Please let me know if I’ve confused rather than clarified – entirely possible! Thanks again for reading. -Don B

  8. Andrea Hadley January 21, 2009 at 6:35 pm #

    Hi Don,
    Funny, I’m working on key messaging for a press release for the eMetrics Marketing Optimization Summit in Toronto coming up March 29 – April 1st, so did a search on “new media measurement 2008” as we have quite a few sessions with this focus, and up popped this blog and its discussing exactly what my mind is focused upon…I love it when search works.

    I too really like your model and think its headed in the right direction as you capture initial exposure along the points of interaction through to an effect and end result. However, I’ve got two comments/questions:
    1. I would like to see sm success metrics move towards alignment with our overarching marketing/communications and ultimately business goals. As I don’t often see this happening. Yes, I understand that online and offline are different and ultimately have different measures for success, however, the end result is what truly matters. Any suggestions as to how your model might be adjusted to measure whether the end result aligned with overarching business goals?

    2. I often see success metrics where the goal is engagement, but what’s being measured are page views and click thrus, which in my opinion are not measures of engagement, they are still measures of exposure. In your model you’ve included click thru and view thru within the “Engagement” category, but on their own I disagree, as taking a peek or having a quick look is not the same as subscribing, downloading, commenting, etc.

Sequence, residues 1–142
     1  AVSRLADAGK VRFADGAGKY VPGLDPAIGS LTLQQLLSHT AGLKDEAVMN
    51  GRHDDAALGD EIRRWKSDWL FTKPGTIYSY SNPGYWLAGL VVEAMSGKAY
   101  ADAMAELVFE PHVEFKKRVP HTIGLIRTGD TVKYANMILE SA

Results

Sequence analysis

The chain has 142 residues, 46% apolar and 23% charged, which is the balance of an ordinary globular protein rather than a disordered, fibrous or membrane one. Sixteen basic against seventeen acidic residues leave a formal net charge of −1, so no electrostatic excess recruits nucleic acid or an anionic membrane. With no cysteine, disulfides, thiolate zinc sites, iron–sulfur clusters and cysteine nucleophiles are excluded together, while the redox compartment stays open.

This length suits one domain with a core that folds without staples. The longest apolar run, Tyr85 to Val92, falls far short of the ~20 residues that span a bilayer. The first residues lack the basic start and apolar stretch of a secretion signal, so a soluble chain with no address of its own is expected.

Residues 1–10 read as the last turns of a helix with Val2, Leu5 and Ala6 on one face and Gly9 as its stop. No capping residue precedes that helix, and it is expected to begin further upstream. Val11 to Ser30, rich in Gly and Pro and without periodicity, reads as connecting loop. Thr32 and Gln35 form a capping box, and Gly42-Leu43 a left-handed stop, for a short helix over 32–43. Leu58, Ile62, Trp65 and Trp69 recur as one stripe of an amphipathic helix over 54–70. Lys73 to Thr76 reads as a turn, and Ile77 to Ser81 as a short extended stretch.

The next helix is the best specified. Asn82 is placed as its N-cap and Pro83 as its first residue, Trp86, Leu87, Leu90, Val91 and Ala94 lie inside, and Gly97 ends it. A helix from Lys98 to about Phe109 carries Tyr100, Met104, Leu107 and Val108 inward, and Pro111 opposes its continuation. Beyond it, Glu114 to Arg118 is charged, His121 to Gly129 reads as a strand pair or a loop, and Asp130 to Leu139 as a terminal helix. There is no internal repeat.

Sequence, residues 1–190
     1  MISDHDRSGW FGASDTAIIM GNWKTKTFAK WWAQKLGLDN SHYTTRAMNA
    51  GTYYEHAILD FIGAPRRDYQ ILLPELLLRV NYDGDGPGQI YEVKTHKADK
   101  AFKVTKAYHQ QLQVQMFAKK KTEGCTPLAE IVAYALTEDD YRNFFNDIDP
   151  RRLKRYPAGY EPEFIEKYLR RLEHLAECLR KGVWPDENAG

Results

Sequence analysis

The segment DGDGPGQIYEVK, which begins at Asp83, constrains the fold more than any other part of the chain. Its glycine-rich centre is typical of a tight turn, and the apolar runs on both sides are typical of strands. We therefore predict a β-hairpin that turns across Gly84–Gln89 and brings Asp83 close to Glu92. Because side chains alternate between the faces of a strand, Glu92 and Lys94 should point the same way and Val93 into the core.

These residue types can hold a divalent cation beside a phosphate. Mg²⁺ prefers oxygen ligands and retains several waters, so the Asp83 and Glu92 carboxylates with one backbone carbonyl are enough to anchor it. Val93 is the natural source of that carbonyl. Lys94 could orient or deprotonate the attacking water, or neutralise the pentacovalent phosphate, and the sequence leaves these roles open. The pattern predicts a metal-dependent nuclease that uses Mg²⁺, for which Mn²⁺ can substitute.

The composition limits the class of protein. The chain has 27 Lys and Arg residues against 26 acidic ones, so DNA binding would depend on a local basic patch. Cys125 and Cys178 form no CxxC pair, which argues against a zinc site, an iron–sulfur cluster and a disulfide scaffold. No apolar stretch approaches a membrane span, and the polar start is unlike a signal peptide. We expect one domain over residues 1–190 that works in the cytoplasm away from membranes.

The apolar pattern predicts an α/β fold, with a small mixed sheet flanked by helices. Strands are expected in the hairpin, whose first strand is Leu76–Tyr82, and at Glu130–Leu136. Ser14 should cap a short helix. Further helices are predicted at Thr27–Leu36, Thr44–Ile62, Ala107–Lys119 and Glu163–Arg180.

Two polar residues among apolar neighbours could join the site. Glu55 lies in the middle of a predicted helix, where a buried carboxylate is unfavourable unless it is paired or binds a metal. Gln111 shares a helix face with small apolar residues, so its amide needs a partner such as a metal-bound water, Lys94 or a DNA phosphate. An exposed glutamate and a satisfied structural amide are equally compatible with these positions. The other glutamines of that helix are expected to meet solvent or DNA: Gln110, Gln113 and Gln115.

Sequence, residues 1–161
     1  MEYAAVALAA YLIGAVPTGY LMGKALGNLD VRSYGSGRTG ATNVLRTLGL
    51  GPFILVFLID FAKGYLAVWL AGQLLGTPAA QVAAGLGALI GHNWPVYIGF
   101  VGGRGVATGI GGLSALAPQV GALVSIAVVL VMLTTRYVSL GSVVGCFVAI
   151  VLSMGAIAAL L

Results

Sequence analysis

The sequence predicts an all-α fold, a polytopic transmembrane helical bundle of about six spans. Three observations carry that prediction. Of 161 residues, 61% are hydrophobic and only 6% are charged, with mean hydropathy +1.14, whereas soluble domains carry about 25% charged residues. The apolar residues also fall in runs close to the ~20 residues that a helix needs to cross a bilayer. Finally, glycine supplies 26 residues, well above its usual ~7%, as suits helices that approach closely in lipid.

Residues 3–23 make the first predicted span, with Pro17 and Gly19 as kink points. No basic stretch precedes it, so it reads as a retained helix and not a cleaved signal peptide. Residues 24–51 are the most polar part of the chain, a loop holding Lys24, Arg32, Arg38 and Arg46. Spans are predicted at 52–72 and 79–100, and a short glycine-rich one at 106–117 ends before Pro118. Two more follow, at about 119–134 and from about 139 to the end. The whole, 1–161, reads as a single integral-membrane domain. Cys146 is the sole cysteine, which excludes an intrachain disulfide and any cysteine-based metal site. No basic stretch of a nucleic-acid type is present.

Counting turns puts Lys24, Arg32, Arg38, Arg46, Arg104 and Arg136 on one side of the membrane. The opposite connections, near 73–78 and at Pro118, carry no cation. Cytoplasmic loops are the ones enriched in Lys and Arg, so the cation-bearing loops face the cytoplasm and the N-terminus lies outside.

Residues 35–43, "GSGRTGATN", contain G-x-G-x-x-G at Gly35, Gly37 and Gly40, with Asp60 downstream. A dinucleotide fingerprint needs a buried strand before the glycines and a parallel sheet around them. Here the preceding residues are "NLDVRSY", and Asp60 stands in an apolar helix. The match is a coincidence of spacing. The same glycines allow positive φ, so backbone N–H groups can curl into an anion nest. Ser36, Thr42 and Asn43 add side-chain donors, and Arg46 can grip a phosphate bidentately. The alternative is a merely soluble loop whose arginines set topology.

9. metricsman February 3, 2009 at 10:31 am #

    Hi Andrea,

    Thanks for your comment and sorry for the delayed response to your very good questions. Let me respond to your questions:

    1. I fully agree PR or social media program objectives should be aligned with desired business outcomes/business objectives. PR 101. However, in practice, this seldom explicitly occurs. The time to align objectives is of course when they are written – before the program is implemented. In that context, your properly written and aligned objectives are what you should be measuring using the framework. For example, let’s say your corporate objective is to increase perception of the company as an ‘innovator’. Our aligned PR/SM objective might be to increase our target audience’s association of our company with ‘innovation’ and ‘innovator’. We can measure this using the framework. Our association metric would fall under the category of (audience) Influence. We would also want to measure our levels of Exposure and Engagement to understand their relationship with Influence and/or to serve as diagnostics to determine what’s working and what’s not.

    2. As mentioned, Engagement metrics are pretty fluid and lack consensus. I take your point on click-thrus and view-thrus. I believe you are right that click-thru is probably better placed under Exposure – I’ll make that change. View-thrus seem less clear in that if someone views an entire video that might indicate what best might be described as Engagement. Time spent or duration being a factor. I could go either way on that one. Think I’ll leave it under Engagement for now but will think more about it.

    Thanks for challenging the model metrics. That’s the only way we’ll make these sorts of tools better. I appreciate it. -Don B

  10. jvad April 17, 2009 at 5:01 am #